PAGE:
Comment by Paul Fromont — August 17, 2004 @ 10:03 am

  5. Steve, I am so excited to read this. You are not using some of the language and thoughts from Pikka Himannen’s book “The Hacker Ethic and the Spirit of the Information Age” by any chance are you? From the tone of this post, I think you have. But if you haven’t, I reckon you’d really like it. I have a workshop based on the book and concept of hacking (which is my background) that we have used around the Forge Network a number of times. Happy to send you the guts if you are interested.

    Comment by Stephen Said — August 17, 2004 @ 2:16 pm

  6. stephen,
    I haven’t read the book, the post came straight out of the top of my head, just reflecting on some stuff.

    I’d love to see your notes.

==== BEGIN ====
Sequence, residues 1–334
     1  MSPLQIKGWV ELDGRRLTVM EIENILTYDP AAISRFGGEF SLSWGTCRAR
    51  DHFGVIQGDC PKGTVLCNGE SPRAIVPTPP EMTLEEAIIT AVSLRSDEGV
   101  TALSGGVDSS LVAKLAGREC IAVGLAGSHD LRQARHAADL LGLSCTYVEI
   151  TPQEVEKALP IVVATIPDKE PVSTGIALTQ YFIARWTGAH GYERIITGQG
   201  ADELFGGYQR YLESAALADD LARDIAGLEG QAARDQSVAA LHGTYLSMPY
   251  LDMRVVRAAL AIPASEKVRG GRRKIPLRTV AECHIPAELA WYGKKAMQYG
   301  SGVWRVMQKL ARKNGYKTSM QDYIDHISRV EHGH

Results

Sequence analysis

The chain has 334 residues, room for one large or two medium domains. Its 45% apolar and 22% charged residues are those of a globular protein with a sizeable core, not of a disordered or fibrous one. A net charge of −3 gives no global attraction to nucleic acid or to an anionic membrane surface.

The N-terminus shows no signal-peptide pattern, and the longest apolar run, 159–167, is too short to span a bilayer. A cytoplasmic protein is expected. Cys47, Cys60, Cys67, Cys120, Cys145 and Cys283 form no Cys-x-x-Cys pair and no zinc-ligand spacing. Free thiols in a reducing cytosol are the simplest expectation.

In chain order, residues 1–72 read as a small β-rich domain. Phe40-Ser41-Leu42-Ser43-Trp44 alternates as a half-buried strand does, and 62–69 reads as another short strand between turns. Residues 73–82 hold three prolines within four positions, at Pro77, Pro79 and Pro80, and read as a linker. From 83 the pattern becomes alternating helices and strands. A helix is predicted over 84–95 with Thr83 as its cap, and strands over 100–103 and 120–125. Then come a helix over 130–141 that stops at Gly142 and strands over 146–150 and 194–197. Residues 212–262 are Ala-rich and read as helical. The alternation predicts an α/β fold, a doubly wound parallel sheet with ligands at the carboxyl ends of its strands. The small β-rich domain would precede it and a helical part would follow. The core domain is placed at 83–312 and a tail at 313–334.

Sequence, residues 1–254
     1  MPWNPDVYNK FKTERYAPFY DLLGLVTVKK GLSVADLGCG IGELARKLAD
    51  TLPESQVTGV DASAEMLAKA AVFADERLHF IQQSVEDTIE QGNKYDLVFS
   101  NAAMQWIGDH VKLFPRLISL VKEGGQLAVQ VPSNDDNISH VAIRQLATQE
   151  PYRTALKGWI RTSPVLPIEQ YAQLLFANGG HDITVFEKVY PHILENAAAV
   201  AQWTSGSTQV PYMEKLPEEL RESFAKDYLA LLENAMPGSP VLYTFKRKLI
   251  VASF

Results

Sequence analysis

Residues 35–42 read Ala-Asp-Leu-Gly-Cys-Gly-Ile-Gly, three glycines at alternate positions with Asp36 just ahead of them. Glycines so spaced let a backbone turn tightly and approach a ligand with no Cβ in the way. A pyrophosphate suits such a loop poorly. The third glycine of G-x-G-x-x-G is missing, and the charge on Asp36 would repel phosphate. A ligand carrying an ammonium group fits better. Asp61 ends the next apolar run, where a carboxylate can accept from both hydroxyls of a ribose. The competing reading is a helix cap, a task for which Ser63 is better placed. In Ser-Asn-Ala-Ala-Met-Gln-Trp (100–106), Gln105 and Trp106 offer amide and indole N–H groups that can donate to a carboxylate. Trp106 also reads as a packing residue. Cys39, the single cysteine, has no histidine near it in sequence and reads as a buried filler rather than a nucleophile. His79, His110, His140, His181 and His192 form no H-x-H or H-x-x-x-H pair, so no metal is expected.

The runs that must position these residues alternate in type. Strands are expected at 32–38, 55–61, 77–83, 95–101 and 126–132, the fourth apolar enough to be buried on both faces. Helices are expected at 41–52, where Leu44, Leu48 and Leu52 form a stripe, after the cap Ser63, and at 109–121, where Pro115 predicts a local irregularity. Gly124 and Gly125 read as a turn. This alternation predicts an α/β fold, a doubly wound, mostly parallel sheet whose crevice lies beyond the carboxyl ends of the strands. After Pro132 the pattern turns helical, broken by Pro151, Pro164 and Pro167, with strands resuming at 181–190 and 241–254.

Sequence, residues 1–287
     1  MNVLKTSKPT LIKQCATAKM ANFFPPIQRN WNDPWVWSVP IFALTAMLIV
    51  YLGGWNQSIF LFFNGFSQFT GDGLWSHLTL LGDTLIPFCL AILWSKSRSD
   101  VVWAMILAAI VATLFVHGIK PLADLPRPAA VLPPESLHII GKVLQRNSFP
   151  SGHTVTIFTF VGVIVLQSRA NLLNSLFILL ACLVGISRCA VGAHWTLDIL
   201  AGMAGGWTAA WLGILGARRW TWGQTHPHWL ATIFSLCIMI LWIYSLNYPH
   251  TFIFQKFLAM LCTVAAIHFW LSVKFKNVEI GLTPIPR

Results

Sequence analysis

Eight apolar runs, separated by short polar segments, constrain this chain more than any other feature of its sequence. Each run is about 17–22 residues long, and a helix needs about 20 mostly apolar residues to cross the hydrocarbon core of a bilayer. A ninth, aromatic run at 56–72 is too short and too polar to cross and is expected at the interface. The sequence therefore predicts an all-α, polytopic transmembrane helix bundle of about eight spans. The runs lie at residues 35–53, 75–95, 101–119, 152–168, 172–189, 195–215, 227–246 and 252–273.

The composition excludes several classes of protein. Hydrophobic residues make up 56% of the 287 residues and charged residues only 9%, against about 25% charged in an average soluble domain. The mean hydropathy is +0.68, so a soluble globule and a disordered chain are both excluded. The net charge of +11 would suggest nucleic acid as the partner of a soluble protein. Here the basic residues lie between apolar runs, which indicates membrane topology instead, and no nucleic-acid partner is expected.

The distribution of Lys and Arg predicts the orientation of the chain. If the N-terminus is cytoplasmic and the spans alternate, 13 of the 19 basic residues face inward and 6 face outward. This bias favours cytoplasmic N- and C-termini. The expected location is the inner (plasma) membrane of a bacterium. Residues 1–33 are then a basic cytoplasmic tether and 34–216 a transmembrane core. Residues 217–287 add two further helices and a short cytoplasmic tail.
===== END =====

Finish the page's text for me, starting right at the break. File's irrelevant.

Comment by steve — August 17, 2004 @ 3:00 pm

  7. Maggi,
    I did read your post as an invitation to leave. I’ve read it again after you comment and that still seems like an option you are offering people.

    Comment by steve — August 17, 2004 @ 3:03 pm

  8. Paul,
    re-writing liturgy on a blog … asking questions in a discussion group … doing some new type of worship in an home setting … its all hacking.

    So I think anyone can hack – sure a pastor has some freedom, but then a pastor can also have less freedom – keeper of the doctrine etc.

    Comment by steve — August 17, 2004 @ 3:05 pm

  9. Hacking the church

    From Emergent Kiwi: Church is a space and a resource to hack…A hack does not intend to destroy or alter data. Thus a hack respects the riches of the past. But a hack recognises that church is not monolithic. Rather…

    Comment by The Dying Church — August 21, 2004 @ 10:33 am

  10. it’s refreshing to see an invitation from a ‘senior pastor’ to stay in the church and ‘hack’. by definition i would be a silent hacker of all things church. my husband is employed in a church so it doesn’t allow for me to ‘leave’, but it rarely allows for me to hack publically either. again steve you are refreshing. thank you!

    Comment by bobbie — August 27, 2004 @ 1:23 am